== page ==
Global warming: An Arctic island is warming SIX times faster than the global average

Polar researchers stationed in the southwest of the Arctic island of Spitsbergen have found a worrying warming trend in meteorological data spanning 40 years. Temperatures in parts of the island, which is part of the Svalbard archipelago between Norway and the North Pole, have risen six times higher than the global average.

Scientists from the Institute of Geophysics, Polish Academy of Sciences (IGF PAN) made the worrying discovery during expeditions to the Polish Polar Station Hornsund.

The scientists presented their findings in Earth System Science Data.

Professor Marzena Osuch, study co-author and hydrologist, told the Polish Press Agency (PAP): "The average temperature in Hornsund between 1979 and 2018 rose by 1.14C per decade.

"The change is more than six times higher than the global change for the same period."

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According to the expert, the global average for this period stood at 0.17C per decade.

Scientists have attributed the drastic differences to melting ice water in the region.

Lead author Dr Tomasz Wawrzyniak from IGF PAN said: "Such rapid temperature changes, compared to the rest of the world, are due, among other reasons, to sea ice disappearing in the Arctic.

"The duration of snow cover is also dropping during the year.

"As a result, albedo changes - more solar radiation is absorbed by oceans and land areas, which changes the oceanic and atmospheric circulation."

Albedo is the measure of a surface's reflectiveness.

According to the US National Snow and Ice Data Center, warm surface waters can further exacerbate the melting of polar ice.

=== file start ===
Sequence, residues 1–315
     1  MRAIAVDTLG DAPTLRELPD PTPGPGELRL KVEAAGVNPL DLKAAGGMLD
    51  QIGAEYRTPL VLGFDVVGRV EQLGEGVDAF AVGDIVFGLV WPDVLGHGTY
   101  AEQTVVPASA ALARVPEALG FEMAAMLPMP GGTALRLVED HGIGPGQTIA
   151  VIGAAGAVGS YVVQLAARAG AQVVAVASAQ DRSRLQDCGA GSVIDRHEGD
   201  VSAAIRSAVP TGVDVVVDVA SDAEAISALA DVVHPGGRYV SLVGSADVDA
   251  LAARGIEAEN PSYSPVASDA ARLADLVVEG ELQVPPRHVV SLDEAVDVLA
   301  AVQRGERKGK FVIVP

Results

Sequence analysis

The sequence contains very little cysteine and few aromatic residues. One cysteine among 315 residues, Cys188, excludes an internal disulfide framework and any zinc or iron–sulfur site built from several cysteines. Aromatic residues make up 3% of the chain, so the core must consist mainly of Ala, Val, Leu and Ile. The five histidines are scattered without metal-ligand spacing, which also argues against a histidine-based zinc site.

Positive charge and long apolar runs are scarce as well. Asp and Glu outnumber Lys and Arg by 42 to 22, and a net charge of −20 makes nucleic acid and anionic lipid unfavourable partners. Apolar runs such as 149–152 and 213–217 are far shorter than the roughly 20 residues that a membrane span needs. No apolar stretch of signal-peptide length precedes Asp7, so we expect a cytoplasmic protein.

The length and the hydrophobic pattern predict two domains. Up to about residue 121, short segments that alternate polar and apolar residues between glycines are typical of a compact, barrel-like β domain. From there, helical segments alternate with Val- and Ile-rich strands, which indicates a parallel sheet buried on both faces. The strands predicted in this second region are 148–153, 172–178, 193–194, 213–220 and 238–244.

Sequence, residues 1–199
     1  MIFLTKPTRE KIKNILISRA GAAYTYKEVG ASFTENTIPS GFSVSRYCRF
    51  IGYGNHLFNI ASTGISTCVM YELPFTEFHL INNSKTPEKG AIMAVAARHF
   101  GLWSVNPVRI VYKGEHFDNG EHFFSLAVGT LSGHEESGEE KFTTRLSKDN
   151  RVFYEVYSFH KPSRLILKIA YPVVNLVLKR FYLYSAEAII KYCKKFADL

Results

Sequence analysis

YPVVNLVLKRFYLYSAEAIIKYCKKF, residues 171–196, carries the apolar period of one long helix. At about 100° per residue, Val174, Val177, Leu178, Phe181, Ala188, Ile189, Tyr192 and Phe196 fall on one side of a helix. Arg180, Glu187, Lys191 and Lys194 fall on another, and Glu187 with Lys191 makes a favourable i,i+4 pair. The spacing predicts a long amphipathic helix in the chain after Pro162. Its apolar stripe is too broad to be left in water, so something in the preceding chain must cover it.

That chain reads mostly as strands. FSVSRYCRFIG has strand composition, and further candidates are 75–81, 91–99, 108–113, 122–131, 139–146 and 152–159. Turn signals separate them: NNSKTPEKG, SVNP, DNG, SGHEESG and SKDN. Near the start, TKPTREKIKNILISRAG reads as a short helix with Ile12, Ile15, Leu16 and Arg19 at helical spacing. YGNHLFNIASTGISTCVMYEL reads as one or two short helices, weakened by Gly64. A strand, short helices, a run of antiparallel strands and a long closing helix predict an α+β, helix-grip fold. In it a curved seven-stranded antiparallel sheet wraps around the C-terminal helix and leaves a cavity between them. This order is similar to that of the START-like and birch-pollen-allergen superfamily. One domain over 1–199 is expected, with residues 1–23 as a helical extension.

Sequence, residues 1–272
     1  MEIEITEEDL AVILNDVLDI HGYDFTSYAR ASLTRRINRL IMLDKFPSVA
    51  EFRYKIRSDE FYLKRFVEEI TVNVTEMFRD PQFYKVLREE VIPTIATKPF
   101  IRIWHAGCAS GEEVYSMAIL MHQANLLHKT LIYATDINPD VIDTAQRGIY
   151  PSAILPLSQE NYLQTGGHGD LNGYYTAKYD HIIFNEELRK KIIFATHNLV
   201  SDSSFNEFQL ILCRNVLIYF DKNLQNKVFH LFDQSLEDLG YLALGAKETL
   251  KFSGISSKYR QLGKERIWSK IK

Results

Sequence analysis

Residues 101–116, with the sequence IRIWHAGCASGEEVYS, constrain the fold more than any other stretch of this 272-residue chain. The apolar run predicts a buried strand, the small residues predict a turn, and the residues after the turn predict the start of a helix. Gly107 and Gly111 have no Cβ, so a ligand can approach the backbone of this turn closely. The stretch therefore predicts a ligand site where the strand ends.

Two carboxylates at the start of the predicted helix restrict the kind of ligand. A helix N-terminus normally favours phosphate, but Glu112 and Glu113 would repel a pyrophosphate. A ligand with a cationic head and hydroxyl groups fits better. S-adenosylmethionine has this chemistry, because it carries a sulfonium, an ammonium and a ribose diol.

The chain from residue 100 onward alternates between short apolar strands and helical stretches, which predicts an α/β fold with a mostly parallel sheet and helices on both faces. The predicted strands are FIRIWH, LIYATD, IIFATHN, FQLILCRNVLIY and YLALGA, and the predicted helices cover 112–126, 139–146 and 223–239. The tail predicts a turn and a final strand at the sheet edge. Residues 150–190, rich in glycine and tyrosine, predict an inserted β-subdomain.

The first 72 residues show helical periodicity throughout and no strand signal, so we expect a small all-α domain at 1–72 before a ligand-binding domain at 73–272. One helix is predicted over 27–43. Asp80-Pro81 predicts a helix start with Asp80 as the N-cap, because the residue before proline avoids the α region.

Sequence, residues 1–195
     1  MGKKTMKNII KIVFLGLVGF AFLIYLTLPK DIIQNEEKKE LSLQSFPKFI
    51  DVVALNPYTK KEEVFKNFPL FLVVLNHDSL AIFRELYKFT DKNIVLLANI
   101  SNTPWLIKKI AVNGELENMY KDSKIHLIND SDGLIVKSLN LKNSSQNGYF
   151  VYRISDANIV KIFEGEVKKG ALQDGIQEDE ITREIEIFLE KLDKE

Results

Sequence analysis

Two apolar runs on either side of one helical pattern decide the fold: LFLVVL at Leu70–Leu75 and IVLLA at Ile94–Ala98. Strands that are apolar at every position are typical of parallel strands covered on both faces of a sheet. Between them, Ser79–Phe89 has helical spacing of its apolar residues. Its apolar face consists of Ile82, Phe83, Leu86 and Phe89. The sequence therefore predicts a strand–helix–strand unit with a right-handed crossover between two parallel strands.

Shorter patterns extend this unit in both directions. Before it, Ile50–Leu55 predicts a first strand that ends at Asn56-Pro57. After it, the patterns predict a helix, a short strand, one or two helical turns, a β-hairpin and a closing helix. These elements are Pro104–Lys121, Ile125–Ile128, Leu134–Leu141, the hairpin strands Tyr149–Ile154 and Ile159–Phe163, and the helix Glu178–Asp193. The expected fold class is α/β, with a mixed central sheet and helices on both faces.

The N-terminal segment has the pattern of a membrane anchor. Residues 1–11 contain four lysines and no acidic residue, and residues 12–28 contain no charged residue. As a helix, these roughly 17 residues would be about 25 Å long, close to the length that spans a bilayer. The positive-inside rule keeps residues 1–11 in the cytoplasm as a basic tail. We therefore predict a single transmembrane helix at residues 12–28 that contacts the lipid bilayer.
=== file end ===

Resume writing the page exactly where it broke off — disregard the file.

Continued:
Another factor contributing the Arctic island warming is the Gulf Stream.

Dr Wawrzyniak said: "If there is less ice, the warm current reaches further up north, into the Arctic and warms it."

The scientists have also found variations in air temperature are not event distributed throughout the year.

The biggest changes were observed in the winter months - December, January and February.

has raised the average global temperature since the industrial era, between 1880 and 1900.

In 2019, the average temperatures across land and ocean surfaces were about 0.95C above the 20th-century average.

The global annual temperature has also risen at a rate of 0.07C since 1880 and at least at twice that rate since 1981.

In this period, the five warmest years on record have all occurred since 2015.

Scientists agree global warming and climate change are the result of greenhouse emissions from human activity.

A report by the US National Oceanic and Atmospheric Administration reads: "By 2020, models project that global surface temperature will be more than 0.5C (0.9F) warmer than the 1986 to 2005 average, regardless of which carbon dioxide emissions pathway the world follows.

"This similarity in temperatures regardless of total emissions is a short-term phenomenon: it reflects the tremendous inertia of Earth's vast oceans.

"The high heat capacity of water means that ocean temperature doesn't react instantly to the increased heat being trapped by greenhouse gases.

"By 2030, however, the heating imbalance caused by greenhouse gases begins to overcome the oceans' thermal inertia, and projected temperature pathways begin to diverge, with unchecked carbon dioxide emissions likely leading to several additional degrees of warming by the end of the century."

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